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Posted April 22, 2019

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Can it really be ten years since the end of the last recession for the U.S. travel industry and the start of a “historic burst in travel demand felt by segments across the travel industry”? In the 2019 US Travel and Hospitality Outlook, Deloitte reminds us how far we’ve come. U.S. hotel gross bookings grew by 60% from 2009 to 2017, airline revenue increased by 43%, and “other sectors… also benefited as U.S. consumers reconnected with an inherent love for travel.”

As we move past the 10-year mark, what can we expect? According to numerous travel-related companies, 2019 U.S. trends are diverse, impacting nearly all areas of travel. Most agree that we’ll see a surge in U.S. business travel, a greater emphasis on ethical travel and an increase in international leisure travel, as we found in our survey with partner Mastercard.

Two trends that are causing some spirited discussion involve two groups that seem to be blurring lines: airlines and OTAs.

A blog post by John Grant for aviationpros.com predicts, “Airlines will truly embrace the concept of travel retailers rather than transportation providers.” Hotelbeds finds “more airlines are moving towards the hotel intermediary space – and in some cases even tour operator space – to increase revenues” this year. Adding, “the opportunity to cross-sell a loyal customer a hotel room offers potentially more profit than the flight itself.”

In February, Phocuswright Research reported the practice of unbundling and re-bundling services has “made comparison shopping across airlines much more challenging for consumers and OTAs” and “it is likely to accelerate the trend for airlines to become retailers of a broad range of a la carte air and air-related ancillary products.”

The relationship between OTAs and airlines “is under growing strain,” says Phocuswright, adding, “Airlines are committed to strengthening direct-to-consumer distribution.” Their recent report, US Airlines 2018: Market Sizing and Landscape supports this. They found that “of the $82 billion in online air revenues recorded in 2017, airline­branded websites captured 78%, compared to 22% for OTAs,” and they expect that to hit 80% by 2020.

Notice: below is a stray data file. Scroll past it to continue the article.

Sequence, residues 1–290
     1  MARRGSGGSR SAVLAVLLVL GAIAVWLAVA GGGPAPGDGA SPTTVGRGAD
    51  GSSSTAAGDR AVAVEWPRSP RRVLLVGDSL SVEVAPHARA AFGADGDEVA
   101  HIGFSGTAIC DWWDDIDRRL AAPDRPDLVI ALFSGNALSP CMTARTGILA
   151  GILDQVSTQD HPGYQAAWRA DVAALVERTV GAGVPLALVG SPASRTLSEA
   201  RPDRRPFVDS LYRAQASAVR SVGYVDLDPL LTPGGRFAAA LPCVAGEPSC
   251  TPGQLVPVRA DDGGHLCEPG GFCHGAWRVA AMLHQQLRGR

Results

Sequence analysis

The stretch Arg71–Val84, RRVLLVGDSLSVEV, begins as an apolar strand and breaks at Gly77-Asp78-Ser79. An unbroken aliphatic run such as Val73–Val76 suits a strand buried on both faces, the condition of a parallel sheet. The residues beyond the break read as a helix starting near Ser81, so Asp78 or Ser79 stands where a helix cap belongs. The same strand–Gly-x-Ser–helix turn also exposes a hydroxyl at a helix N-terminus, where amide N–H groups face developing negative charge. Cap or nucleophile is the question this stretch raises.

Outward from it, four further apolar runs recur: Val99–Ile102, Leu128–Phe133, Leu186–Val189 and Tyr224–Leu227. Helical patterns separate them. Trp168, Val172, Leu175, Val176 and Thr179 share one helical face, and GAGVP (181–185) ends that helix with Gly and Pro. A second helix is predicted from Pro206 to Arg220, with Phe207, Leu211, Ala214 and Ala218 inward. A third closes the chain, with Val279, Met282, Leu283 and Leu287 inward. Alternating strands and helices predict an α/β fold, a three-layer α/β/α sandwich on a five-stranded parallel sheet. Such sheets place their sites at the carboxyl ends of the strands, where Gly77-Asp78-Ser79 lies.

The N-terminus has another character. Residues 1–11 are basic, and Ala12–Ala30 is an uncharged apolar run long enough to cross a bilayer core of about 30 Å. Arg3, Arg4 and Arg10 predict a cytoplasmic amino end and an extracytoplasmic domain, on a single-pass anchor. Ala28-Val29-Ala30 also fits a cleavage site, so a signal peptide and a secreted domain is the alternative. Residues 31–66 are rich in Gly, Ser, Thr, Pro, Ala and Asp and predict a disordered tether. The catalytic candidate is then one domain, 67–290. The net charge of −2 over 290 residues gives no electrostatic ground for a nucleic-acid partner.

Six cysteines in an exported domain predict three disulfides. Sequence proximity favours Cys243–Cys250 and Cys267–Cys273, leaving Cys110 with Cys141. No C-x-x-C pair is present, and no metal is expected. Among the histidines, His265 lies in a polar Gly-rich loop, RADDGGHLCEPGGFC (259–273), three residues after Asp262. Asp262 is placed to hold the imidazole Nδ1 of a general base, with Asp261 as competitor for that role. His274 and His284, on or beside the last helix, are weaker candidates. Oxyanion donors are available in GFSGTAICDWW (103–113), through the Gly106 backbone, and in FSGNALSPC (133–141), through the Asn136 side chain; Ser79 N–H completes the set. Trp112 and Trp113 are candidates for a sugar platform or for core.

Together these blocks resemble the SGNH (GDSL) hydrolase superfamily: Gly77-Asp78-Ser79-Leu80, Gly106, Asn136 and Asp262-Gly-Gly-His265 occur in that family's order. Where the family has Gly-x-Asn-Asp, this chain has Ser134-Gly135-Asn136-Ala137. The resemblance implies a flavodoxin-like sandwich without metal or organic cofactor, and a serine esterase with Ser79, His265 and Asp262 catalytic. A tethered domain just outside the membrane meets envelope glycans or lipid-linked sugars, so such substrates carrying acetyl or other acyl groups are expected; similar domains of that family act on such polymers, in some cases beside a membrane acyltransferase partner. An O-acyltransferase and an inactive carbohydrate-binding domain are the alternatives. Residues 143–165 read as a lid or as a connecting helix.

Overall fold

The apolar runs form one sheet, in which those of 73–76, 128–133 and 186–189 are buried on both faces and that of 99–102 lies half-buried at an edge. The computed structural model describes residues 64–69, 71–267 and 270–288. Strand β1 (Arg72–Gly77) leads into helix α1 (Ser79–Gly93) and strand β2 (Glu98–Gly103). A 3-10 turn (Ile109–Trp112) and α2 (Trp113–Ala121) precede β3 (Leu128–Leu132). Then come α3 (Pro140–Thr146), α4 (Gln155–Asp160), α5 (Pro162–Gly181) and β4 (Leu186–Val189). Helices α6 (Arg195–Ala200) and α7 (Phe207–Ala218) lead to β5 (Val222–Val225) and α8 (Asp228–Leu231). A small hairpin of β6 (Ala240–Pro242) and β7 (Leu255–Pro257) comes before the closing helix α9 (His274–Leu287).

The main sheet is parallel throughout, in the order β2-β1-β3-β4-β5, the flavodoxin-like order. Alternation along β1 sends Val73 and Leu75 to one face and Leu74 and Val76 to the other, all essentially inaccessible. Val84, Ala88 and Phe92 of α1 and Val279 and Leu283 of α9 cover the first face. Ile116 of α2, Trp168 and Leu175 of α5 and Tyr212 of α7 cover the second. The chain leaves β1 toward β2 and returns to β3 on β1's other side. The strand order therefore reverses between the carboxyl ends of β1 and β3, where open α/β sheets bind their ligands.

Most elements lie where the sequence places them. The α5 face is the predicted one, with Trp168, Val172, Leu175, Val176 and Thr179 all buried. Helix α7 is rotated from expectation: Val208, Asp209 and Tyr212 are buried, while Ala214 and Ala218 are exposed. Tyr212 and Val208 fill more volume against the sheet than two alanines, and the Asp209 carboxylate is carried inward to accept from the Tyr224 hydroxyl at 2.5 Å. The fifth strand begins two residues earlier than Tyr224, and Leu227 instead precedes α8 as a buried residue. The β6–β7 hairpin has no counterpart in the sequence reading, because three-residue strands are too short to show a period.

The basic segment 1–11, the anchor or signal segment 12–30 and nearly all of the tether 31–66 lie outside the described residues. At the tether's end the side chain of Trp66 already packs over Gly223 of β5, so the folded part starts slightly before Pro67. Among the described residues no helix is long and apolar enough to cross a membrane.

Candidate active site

The reasons Phocuswright cites for U.S. online booking “shifting in favor of suppliers” are:

  • Low-cost carriers (LCCs) using a “consumer-direct selling model” as their U.S. market share is growing
  • Travelers having few carrier choices for U.S. routes, so they don’t comparison shop
  • Metasearch engines sending buyers to airline websites
  • Fare bundles and ancillary services making airline sites “the best source” for “what exactly is included in or excluded from a given fare”

And how are OTAs responding? They’re diversifying—and some are drilling down into air. Google may not be an OTA, but it recently added ancillary information. Fareportal, an OTA that focuses on flights, is increasing its available ancillary options, including paid bags, seat selection and priority boarding.

According to Phocuswright, Expedia and Booking.com “collectively represent 92% of the [U.S.] OTA market,” and they’re “making deeper inroads into segments outside flights and hotels.” Their recent report on OTAs notes that Expedia, Booking.com, Viator (TripAdvisor) and even Google are “actively targeting the travel activities market.”

Skift has been diving deeper into its 2019 “megatrends” and recently Dennis Schaal took a look at OTAs going beyond hotels. He writes, “In the 12 months ending September 30, TripAdvisor’s revenue from its non-hotel segment — experiences, restaurants, and home rentals — jumped 80.8 percent to $429 million compared with the year-earlier period.” According to Schaal, TripAdvisor’s CEO, Steve Kaufer, “has compared the drive to make tours and attractions online bookable to bringing hotels to the internet 15-20 years ago, and he argues that the profit margins could be similar.”

U.S. travel may still be growing, but the players know they need to continue to diversify, to sometimes cross into another sector’s territory, in order to continue to attract travelers, but also to keep them engaged and connected throughout their entire trip.

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Greg Thompson

Greg joined WEX in 2009 bringing with him a strong background in technology and procurement. He is focused on simplifying the complex world of payments for our customers by establishing strong relationships with partners, suppliers and customers to ensure long-term accountability to deliver success. Greg holds a bachelor’s degree in Finance from the University of Maine and an MBA in Global Technology Transfer from the University of Phoenix.


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